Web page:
Exchange traded funds, like mutual funds, offer investors an opportunity to hold a basket of securities in one single investment. ETFs, though, offer added benefits such as diversification, transparency, intraday trading and lower costs.
The only downside to index-based ETFs is that they offer no downside protection since they passively follow the underlying benchmark in both up and down markets, writes Blythe McGarvie, former BIC Group CFO, for Business Finance. [What are ETFs?]
There are currently more than 1,300 exchange traded funds and notes in the U.S. markets, with more being added. The ETF industry represents about 10% of the $11 trillion fund market. [What is an ETF? – Know What Your Fund Holds]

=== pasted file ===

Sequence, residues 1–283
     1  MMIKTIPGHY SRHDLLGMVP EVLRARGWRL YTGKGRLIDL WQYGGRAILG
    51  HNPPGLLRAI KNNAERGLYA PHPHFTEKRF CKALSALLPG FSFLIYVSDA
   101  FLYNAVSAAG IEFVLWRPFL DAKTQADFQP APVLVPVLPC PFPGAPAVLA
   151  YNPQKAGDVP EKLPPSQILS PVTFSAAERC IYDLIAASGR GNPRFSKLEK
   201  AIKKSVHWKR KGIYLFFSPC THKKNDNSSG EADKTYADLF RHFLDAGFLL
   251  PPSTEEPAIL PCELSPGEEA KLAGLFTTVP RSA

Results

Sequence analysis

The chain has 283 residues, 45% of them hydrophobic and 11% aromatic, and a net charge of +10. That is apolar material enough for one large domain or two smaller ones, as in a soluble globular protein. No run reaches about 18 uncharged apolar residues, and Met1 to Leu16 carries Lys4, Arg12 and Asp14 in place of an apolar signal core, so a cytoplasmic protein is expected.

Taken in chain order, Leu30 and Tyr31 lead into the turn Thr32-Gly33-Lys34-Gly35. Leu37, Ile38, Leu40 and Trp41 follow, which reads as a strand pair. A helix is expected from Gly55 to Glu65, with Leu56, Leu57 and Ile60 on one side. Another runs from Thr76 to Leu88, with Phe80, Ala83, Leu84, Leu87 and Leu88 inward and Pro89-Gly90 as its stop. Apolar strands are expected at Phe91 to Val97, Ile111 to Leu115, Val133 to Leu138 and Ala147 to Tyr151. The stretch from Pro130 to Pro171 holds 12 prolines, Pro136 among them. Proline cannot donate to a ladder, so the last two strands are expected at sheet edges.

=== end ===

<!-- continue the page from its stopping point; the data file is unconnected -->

BlackRock’s iShares leads the industry with $476 billion in assets under management, followed by State Street Global Advisors with $259 billion and Vanguard with $175 billion.
“By owning an ETF, you can achieve diversification of an index fund and have the ability to sell short or buy on margin. You can also trade it all day long rather than at the end of the day for mutual funds,” McGarvie writes.
For more information on ETFs, visit our ETF 101 category.
Max Chen contributed to this article.
The opinions and forecasts expressed herein are solely those of Tom Lydon, and may not actually come to pass. Information on this site should not be used or construed as an offer to sell, a solicitation of an offer to buy, or a recommendation for any product.